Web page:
Taiping Jie (太平街)
Most of Changsha was destroyed by fire in 1938, so the number of actual old buildings is very small. But that hasn’t stopped city planners from rebuilding Taiping Jie as an “ancient street” and tourist attraction. The street now boasts a hit-or-miss collection of shops, and it is probably the best place to come for your Changsha souvenirs. As you enter the street from Wuyi Lu, the first shop on the left sells batik textiles from western Hunan. The store next door sells some of the prettiest silver jewelry I have seen in China. (The nice stuff is in the display case at the back.) Made by the Miao minority group, it is similar to what you can find in Guizhou Province. Further down the street, several shops specialize in Hunanese tea and other edibles, including various spicy sauces.
Taiping Jie is the last bus stop on Wuyi Lu (五一路) before the bridge. It is just a couple of blocks west of Wuyi Guangchang (五一广场), the main commercial square. [June 2009]
The “Walking Street” — Buxing Jie (步行街)
If you want to see how Changsha — hardly a major city by Chinese standards — could possibly have more than 6 million residents, look no further than Buxingjie on a Saturday afternoon. This is the main destination for locals looking to “guang jie”: to window shop. It tends to be incredibly crowded, and it is packed with brands that can be found elsewhere in the city. But if you can tolerate the crowds, it is quite a glimpse into China post-”Reform and Opening Up.”
Buxingjie is one long block south of Wuyi Guangchang (五一广场). [June 2009]
You’re not going to find any fancy brands or local souvenirs at Dingwangtai. This is the place to come for your fake DVDs, CDs and your wacky stationery and decorations. The four-story mall is housed in a huge white-tiled building. The main entrance — right across the street from the bus stop — is on the second-floor, where most of the DVD sellers are. You can find almost any American movie or TV show, as long as you’re persistent. If you have trouble finding what you’re looking for, write down the title and show it to one of the workers. They may be able to help you find it. Depending on quality, you will pay between 4 and 10 RMB per disc.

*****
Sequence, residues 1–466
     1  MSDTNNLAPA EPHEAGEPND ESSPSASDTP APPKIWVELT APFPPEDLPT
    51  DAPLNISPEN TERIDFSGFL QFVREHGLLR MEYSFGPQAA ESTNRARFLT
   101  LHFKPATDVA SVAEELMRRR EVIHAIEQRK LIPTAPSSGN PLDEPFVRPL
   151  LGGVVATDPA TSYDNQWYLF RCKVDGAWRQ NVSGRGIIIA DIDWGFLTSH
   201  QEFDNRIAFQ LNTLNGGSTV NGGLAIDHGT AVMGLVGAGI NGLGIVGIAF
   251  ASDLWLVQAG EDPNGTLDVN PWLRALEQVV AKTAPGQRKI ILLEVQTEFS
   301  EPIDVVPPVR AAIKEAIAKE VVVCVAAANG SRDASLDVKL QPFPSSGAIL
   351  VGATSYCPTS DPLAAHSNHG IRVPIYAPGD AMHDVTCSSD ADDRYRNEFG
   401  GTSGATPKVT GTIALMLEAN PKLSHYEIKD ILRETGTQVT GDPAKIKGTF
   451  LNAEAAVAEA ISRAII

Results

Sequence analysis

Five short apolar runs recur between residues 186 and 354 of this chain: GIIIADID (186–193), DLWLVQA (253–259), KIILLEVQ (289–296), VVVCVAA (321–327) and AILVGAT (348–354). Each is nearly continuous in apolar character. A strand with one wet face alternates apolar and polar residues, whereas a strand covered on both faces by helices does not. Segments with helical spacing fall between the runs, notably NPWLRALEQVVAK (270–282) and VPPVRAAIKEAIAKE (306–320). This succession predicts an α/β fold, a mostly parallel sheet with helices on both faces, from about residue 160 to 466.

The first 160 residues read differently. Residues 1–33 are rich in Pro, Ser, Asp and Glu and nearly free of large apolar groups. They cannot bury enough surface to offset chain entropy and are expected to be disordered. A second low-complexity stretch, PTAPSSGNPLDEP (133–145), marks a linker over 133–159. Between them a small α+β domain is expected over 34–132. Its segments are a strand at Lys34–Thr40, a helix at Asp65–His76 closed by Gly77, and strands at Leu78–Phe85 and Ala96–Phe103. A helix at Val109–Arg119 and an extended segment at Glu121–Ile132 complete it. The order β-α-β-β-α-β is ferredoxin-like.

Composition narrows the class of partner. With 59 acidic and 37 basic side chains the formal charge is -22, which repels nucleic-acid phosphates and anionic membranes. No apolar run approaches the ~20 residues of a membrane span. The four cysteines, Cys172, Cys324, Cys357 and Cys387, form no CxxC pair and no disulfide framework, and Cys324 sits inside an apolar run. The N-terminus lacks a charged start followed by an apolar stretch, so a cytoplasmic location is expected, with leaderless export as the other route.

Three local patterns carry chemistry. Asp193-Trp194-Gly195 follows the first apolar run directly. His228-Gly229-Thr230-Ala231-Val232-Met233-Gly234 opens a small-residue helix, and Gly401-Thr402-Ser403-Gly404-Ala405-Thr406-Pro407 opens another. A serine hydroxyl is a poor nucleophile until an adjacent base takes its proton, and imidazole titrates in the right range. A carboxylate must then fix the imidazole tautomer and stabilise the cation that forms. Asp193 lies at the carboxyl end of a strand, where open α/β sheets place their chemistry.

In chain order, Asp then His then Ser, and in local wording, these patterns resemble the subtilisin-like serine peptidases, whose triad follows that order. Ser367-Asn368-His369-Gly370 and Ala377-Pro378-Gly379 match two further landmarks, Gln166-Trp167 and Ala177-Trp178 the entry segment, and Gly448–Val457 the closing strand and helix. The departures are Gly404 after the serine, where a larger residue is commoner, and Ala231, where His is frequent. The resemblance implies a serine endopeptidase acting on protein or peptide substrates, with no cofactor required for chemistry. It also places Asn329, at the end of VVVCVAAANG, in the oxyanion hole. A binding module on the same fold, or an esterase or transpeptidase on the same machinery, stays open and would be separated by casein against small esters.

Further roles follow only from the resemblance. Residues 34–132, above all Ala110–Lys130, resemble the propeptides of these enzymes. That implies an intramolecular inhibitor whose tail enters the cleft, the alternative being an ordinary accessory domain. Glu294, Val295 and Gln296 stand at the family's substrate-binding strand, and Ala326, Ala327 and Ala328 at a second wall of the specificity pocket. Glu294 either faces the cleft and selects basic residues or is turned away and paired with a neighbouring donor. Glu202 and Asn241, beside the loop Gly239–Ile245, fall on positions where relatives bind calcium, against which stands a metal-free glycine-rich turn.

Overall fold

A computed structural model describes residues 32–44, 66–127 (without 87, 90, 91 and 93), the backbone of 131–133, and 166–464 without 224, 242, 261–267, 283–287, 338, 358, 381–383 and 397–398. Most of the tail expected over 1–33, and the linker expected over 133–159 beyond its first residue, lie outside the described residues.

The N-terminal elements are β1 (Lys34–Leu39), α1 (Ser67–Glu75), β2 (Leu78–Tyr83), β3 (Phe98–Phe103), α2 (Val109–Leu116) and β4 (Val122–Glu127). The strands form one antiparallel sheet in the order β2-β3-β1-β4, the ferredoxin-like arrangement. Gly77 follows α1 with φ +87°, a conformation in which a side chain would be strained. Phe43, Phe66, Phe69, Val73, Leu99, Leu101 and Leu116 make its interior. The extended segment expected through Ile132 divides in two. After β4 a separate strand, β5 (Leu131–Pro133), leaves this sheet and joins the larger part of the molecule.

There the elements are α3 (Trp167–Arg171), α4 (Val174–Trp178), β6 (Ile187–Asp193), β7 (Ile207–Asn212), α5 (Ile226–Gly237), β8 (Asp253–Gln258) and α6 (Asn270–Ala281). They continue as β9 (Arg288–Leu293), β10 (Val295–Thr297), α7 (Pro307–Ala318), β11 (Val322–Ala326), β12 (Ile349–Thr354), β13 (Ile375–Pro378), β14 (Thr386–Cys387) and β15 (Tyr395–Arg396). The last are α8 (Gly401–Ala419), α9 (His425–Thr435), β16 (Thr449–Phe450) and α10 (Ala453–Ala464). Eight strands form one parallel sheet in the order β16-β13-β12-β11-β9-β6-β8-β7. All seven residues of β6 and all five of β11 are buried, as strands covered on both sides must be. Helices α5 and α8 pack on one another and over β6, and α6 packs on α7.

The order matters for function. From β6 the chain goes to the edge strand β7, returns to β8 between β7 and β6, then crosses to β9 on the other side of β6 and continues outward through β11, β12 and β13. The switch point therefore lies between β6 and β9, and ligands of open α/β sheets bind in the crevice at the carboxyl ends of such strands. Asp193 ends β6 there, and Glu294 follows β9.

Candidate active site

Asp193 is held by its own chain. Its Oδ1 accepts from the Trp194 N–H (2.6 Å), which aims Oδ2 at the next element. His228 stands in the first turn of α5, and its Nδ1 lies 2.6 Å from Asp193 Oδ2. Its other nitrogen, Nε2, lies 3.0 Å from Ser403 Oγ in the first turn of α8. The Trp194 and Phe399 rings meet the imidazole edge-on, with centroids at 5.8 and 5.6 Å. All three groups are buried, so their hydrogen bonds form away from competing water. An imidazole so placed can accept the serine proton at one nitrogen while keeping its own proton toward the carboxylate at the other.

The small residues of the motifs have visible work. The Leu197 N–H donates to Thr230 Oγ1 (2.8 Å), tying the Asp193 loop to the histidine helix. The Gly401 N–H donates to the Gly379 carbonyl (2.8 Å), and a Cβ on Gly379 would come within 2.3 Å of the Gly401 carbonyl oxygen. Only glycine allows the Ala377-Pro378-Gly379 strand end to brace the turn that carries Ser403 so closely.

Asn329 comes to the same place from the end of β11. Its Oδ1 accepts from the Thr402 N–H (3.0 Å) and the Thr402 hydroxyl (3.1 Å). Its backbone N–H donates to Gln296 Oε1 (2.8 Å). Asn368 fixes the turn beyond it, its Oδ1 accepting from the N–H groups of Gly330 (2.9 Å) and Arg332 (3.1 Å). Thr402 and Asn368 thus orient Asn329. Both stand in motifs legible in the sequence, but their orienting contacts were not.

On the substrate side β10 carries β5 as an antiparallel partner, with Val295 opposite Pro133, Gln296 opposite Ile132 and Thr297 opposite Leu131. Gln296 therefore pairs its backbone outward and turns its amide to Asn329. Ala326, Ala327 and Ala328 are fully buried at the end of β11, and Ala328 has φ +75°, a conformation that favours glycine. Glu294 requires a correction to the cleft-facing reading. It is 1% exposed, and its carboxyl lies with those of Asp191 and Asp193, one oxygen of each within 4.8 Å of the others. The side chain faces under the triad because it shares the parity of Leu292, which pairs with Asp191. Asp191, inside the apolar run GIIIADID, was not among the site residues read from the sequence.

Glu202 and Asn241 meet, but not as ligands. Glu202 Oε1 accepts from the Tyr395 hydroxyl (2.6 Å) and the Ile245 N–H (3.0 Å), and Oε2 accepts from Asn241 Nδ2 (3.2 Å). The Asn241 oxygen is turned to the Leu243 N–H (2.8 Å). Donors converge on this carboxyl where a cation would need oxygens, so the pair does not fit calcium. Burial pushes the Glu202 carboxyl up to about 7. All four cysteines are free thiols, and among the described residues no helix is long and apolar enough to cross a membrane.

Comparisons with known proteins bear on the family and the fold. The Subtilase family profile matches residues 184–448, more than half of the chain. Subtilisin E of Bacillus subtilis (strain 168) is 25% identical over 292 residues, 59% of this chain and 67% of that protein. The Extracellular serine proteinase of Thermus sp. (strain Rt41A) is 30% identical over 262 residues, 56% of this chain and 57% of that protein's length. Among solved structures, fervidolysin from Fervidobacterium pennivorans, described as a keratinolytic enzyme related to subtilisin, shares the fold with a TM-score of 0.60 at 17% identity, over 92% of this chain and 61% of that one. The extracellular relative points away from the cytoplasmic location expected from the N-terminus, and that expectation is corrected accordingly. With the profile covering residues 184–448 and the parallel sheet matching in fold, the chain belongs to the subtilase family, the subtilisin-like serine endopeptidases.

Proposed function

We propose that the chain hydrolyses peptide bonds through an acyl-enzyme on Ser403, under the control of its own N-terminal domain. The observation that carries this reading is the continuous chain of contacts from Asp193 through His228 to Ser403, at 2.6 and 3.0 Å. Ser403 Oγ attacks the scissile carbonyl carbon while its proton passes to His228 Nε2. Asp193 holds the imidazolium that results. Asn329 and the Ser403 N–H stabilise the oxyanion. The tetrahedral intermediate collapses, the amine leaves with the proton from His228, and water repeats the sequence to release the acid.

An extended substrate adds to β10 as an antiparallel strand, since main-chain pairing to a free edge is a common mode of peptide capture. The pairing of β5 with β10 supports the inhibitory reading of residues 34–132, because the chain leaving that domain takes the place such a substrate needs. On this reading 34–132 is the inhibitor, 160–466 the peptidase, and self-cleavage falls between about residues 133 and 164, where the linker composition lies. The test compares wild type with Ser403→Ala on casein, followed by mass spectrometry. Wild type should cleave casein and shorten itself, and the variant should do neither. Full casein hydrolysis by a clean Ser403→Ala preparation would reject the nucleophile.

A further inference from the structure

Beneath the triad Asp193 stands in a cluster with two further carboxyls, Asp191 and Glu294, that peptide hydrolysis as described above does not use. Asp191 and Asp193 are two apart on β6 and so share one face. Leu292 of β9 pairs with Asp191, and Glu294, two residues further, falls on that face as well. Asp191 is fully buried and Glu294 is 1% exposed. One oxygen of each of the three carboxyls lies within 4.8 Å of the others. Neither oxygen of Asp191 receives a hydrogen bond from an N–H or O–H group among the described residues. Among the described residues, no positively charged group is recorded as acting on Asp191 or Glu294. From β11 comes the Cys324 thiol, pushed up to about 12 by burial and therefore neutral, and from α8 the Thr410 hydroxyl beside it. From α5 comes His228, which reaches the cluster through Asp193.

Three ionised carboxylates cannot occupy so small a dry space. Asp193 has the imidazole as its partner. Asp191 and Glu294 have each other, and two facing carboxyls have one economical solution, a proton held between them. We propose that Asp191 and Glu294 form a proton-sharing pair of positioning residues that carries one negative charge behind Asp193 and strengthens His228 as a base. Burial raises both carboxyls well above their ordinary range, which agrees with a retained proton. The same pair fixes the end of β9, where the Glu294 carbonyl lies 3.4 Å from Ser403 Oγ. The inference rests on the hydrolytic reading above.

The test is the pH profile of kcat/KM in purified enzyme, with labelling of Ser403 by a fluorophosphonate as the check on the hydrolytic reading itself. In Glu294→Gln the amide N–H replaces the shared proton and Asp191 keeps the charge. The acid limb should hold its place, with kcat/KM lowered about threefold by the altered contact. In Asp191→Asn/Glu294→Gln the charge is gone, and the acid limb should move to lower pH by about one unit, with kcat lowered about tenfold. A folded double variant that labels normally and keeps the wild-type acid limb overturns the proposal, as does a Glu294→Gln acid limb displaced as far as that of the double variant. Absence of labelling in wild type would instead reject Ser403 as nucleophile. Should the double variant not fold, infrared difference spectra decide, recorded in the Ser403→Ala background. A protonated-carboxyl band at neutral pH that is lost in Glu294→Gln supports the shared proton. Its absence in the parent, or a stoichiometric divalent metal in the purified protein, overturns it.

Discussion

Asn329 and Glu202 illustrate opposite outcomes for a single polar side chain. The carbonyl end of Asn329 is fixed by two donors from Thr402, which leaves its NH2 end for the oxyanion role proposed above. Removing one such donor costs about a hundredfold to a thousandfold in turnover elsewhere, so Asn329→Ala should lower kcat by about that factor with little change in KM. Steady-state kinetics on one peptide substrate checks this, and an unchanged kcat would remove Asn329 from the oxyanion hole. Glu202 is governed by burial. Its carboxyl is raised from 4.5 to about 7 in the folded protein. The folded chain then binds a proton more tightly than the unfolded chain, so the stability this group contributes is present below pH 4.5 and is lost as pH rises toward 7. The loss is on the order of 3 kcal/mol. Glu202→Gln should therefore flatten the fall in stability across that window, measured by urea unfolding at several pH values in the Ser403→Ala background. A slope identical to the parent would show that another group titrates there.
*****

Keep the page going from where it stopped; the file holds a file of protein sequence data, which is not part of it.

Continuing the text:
On other levels, you will find small electronics, paper goods and books. There is a large bookstore on the fourth floor that has a few English books, mostly classics.
Dingwangtai is a few stops east of Wuyi Guangchang on the 202 bus line. The stop is named Dingwangtai. [June 2009]
Hunan Provincial Museum Shops
If you are looking for souvenirs and presents to take back home, the Hunan Provincial Museum is probably the best place to go. There are a bunch of small stores all over the museum selling reproduction lacquerware and bronzes, in addition to scarves and other small gift items
The museum is located at 50 Dongfeng Lu. Take buses 109 or 303 from Wuyi Guangchang, or direct your taxi driver to 湖南省博物馆 (Hunan Sheng Bowuguan). Admission to the museum became free in fall 2008, but you need to show your passport to get in. [June 2009]